Uncle Sam’s new rules are putting a stop to for-profit college abuses, but the schools won’t go down without a fight.
The federal government has been shoving “for-profit” colleges around pretty forcefully in 2010. But some private schools are saying "enough is enough." Could heavier lobbying by such institutions change the student lending landscape, and what will that mean to college-bound Americans?
The issue stems from recent stipulations from the White House dictating what for-profit higher educational institutions can and cannot do when financing student educations. Loosely defined, for-profit colleges are educational institutions run by private, profit-seeking companies or organizations.
The industry has been in hot water due to charges brought on by the U.S. Department of Education. In August, a federal government investigation of 15 for-profit schools uncovered four cases of school officials misrepresenting the programs offered by the schools.
The probe found abuses at schools in California, Florida, Pennsylvania and Texas, including the following, as disclosed by USA Today on Aug. 4:
- An applicant to a certificate program in California was encouraged to add more dependents in the Free Application for Federal Student Aid, or FAFSA, in order to qualify for Pell Grants.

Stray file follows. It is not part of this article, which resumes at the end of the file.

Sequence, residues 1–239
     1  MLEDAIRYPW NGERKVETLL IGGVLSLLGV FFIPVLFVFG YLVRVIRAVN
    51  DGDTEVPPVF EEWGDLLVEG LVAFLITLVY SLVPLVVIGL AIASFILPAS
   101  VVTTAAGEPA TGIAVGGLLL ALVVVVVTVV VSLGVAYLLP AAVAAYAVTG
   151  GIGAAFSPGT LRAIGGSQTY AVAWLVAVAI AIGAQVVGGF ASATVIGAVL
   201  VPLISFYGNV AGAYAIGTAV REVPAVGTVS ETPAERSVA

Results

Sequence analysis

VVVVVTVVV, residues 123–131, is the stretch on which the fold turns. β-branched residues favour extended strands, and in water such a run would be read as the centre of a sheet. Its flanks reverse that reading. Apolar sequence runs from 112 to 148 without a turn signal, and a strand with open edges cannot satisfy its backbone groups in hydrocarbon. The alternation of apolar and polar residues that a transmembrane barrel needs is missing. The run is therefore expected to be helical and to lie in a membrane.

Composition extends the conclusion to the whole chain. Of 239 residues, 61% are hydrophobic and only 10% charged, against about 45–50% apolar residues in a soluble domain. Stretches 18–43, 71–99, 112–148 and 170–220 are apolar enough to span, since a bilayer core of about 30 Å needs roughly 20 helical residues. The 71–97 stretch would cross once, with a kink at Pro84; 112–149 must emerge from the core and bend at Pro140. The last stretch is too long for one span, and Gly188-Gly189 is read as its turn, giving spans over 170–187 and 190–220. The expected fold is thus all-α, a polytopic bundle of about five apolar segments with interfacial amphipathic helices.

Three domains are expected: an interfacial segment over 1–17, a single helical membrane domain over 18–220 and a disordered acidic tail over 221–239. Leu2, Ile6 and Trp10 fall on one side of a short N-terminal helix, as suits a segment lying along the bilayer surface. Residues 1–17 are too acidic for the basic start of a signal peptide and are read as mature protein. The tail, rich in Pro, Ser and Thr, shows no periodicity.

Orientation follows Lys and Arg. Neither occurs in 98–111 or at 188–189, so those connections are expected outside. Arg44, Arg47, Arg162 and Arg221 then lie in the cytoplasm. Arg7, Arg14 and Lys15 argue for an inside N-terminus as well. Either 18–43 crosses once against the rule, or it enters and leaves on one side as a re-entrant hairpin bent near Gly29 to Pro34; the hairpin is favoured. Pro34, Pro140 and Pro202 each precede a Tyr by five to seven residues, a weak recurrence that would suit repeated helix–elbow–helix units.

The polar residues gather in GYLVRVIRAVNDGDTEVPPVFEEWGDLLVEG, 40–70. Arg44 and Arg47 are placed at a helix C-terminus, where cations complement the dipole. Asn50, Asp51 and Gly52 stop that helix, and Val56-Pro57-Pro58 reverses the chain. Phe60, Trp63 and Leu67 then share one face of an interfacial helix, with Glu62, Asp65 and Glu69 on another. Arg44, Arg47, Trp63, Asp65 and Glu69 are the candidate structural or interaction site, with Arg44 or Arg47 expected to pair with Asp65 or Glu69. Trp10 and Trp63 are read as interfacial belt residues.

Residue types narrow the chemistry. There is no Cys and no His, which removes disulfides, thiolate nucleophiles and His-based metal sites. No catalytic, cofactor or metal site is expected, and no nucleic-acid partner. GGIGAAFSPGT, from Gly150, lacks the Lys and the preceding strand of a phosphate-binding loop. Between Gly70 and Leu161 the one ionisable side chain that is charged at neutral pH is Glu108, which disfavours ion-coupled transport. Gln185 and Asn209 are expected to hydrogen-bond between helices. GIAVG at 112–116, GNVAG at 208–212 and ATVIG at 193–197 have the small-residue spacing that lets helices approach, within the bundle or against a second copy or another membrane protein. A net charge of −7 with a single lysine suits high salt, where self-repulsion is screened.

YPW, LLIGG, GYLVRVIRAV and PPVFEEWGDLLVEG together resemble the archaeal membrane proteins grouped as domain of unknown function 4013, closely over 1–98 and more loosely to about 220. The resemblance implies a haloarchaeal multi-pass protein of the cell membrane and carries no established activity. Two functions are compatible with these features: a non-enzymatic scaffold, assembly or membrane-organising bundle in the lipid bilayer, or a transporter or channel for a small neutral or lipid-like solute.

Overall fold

- College representatives in Florida, Pennsylvania and Texas suggested undercover applicants not report $250,000 in savings on the FAFSA.
- One investigator received more than 180 phone calls in a month after registering on a website linking students to for-profit colleges.
- A representative at a college in Florida told an applicant the school was accredited by the same organization that accredits Harvard and the University of Florida — not true.
- Representatives from 13 colleges provided inaccurate or incomplete information about graduation rates, guaranteed applicants jobs upon graduation or exaggerated likely earnings.
- Fourteen colleges had programs that cost more than comparable offerings at the nearest public college.
- Six colleges told applicants they could not get information on financial aid eligibility until they completed enrollment forms in which they agreed to become a student and paid a small application fee.